Tuesday, September 06, 2005

Calvinism #2: Who needs evangelism?

I used to teach courses both at my church and my at-work Bible study on evangelism.  Lifestyle evangelism, explaining the gospel, the Roman Road, the Bridge to Life, etc.  But one part that always troubled me was the idea of asking people to believe something.  To choose to believe something.

I mean, belief is not a choice.  If I tell you that 2+2=4, you don't choose to believe or not.  You simply believe, or you don't.  When talking with my sister-in-law (see previous post) and her husband, I used her husband's blue shirt as an example.

To her husband I said, "Jeff, I know your shirt appears to you to be blue.  But I tell you it's really red.  And it's really important that you believe that it's red.  In fact, you will suffer eternal torment unless you come to believe that your shirt is red."  But if he looks at his shirt, and it still looks blue to him, what is he going to do?  Pretend it looks red?  Try to convince himself that it's red?  If he really believes that he will suffer, but the shirt still looks blue, what is he to do?

(Please don't push my example too far.  I know it's a grossly imperfect model of believing in the claims of Jesus.  All I'm trying to illustrate is that people don't choose to believe.  They simply believe or they don't.)

This contradiction, asking people to believe in the Gospel but knowing that belief is not a choice, drove me to the Scriptures.  The result of many months of work was another course called "The Theology of Evangelism", which was basically an introduction to the 5 doctrines of grace and their consequences for personal evangelism.  It's funny how when some Christians first encounter Calvinism, they think it makes evangelism unnecessary.  However, the truths of God's election and irresistable grace are not obstacles to evangelism, they are the hope of evangelism!  What other hope do we have for reaching the lost but that God Himself will draw in unstoppable power?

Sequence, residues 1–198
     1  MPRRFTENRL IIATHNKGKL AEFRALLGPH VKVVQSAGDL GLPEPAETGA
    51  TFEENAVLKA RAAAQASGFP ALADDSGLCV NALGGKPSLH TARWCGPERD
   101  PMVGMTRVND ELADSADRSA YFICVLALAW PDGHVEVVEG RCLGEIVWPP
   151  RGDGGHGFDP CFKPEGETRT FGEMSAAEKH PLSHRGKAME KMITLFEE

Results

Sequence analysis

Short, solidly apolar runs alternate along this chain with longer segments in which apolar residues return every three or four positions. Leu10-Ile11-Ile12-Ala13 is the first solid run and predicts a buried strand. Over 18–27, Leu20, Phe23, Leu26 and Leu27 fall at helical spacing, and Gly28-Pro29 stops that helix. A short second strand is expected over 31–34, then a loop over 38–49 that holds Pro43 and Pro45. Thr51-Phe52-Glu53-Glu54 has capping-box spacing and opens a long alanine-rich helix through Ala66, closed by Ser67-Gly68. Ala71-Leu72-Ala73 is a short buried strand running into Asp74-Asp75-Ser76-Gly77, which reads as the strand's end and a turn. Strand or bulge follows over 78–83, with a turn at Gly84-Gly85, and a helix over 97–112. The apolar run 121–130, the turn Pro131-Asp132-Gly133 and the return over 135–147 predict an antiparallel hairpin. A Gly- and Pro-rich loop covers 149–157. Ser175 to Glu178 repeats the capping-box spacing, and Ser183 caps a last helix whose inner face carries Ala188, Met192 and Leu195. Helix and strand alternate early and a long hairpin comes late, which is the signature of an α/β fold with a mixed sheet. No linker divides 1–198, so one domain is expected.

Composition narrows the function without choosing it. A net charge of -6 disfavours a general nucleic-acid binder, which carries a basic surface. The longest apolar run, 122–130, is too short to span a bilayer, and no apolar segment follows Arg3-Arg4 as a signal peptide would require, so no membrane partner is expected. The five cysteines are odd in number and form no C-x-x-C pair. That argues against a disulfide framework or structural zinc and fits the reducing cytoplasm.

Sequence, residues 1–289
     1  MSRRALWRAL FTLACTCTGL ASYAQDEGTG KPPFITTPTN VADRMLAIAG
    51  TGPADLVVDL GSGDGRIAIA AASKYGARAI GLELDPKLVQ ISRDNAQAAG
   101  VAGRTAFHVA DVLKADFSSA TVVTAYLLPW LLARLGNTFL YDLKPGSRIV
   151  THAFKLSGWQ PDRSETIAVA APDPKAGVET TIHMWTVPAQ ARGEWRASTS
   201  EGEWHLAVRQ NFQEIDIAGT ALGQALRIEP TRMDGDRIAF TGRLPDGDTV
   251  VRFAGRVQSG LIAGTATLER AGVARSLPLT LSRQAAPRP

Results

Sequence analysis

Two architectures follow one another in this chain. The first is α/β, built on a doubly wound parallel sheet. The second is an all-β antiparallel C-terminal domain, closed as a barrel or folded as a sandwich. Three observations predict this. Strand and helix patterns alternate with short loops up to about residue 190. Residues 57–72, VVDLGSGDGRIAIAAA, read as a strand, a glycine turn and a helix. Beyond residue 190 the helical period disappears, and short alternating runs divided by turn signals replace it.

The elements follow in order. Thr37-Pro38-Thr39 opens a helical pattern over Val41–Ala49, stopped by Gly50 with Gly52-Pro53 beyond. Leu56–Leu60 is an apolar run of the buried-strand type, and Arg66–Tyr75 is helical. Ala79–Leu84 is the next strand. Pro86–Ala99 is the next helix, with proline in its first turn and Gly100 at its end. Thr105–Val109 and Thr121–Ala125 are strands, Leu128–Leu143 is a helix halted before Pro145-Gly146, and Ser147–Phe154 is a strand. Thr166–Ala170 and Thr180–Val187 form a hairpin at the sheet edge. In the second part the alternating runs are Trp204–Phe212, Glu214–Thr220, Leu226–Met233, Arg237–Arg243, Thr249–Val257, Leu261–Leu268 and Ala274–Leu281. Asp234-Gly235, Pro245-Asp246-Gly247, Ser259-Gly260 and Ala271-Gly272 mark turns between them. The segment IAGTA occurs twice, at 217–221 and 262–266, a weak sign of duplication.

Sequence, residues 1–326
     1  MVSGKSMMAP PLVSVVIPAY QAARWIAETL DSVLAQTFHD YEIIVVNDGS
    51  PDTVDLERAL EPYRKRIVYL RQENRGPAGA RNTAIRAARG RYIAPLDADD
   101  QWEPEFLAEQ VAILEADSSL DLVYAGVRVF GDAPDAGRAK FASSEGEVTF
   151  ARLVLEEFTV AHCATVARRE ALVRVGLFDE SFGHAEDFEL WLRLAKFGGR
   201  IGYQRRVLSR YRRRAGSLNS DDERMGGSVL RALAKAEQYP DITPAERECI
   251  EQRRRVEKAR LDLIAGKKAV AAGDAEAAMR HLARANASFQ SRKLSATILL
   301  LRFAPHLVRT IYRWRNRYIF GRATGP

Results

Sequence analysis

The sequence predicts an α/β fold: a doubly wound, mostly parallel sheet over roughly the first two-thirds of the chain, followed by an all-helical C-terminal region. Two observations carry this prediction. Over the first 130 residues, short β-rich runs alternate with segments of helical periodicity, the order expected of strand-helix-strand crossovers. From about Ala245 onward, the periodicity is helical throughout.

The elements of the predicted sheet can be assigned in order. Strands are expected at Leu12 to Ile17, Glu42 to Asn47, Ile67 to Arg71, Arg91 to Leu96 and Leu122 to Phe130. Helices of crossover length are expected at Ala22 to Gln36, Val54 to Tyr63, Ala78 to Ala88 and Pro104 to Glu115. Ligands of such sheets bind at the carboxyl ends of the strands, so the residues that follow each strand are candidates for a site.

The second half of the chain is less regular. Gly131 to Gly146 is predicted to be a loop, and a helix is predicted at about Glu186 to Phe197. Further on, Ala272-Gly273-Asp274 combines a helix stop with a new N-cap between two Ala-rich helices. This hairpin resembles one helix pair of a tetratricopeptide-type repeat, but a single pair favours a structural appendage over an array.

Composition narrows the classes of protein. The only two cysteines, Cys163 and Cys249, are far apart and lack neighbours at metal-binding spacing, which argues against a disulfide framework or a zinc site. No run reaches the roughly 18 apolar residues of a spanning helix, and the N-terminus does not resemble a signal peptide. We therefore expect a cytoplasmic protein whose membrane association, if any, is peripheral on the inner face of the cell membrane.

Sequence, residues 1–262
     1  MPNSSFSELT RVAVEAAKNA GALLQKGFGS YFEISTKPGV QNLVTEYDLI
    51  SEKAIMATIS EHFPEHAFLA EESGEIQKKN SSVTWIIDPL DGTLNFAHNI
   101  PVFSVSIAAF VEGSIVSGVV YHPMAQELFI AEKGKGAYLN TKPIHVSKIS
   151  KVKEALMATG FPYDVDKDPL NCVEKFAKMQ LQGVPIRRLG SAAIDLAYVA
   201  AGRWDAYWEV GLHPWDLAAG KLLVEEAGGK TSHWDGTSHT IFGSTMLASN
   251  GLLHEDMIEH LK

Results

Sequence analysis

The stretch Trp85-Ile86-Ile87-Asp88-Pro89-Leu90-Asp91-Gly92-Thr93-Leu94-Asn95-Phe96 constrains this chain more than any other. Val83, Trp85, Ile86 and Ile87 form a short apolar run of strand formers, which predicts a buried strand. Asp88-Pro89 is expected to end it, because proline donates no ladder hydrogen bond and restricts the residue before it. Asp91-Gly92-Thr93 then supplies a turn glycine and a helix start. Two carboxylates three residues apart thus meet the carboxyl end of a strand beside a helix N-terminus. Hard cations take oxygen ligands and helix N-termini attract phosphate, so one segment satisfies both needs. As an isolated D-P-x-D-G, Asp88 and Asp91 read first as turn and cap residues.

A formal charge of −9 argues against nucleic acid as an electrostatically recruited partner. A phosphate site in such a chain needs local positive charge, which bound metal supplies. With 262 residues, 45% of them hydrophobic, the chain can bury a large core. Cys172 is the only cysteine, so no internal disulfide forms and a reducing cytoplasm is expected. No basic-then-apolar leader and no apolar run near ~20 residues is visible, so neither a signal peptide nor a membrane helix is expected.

John Piper tells a story about a missionary he and his wife heard at an Urbana conference.  Both of them were young, rather tentative Calvinists.  A long-time missionary stood before the crowd and said "Twenty years ago, if I had been a Calvinist, I would never have gone to the mission field."  This caused their hearts to sink.  And then he said, "Now, after twenty years of dealing with the hardness of the human heart, I could never remain on the mission field if I were not a Calvinist."

Much earlier (centuries before Calvin!), Augustine noted in one of his letters the hope that irresistable grace brings to evangelism:
If, as I prefer to think in your case, you agree with us in supposing that we are doing our duty in praying to God, as our custom is, for them that refuse to believe, that they may be willing to believe and for those who resist and oppose his law and doctrine, that they may believe and follow it.  If you agree with us in thinking that we are doing our duty in giving thanks to God, as is our custom, for such people when they have been converted ... then you are surely bound to admit that the wills of men are preveniently moved by the grace of God, and that it is God who makes them to will the good which they refused; for it is God whom we ask so to do, and we know that it is meet and right to give thanks to him for so doing...
A final quote to end today's instalment.  George Whitefield was a great evangelist in the 18th century, drawing tens of thousands of people to Jesus.  He pleaded with John Wesley not to oppose the doctrines of Calvinism:
I cannot bear the thoughts of opposing you: but how can I avoid it, if you go about (as your brother Charles once said) to drive John Calvin out of Bristol.  Alas, I never read anything that Calvin wrote; my doctrines I had from Christ and His apostles; I was taught them of God.  (Arnold Dalimore, GEORGE WHITEFIELD 1, p. 574)
It was his belief in this glorious doctrine that enabled his evangelism:
The doctrines of our election, and free justification in Christ Jesus are daily more and more pressed upon my heart.  They fill my soul with a holy fire and afford me great confidence in God my Saviour.

I hope we shall catch fire from each other, and that there will be a holy emulation amongst us, who shall most debase man and exalt the Lord Jesus.  Nothing but the doctrines of the Reformation can do this.  All others leave freewill in man and make him, in part at least, a saviour to himself.  My soul, come not thou near the secret of those who teach such things ... I know Christ is all in all.  Man is nothing: he hath a free will to go to hell, but none to go to heaven, till God worketh in him to will and to do his good pleasure.

Oh the excellency of the doctrine of election and of the saints' final perseverance!  I am persuaded, til a man comes to believe and feel these important truths, he cannot come out of himself, but when convinced of these and assured of their application to his own heart, he then walks by faith indeed!  (Dalimore, p. 407)
(Quotes from Augustine and Whitefield are drawn from Bethlehem Baptist Church's What We Believe About the Five Points of Calvinism.)

Go and take the Gospel to those around you, asking God to open their eyes and effectually call them!

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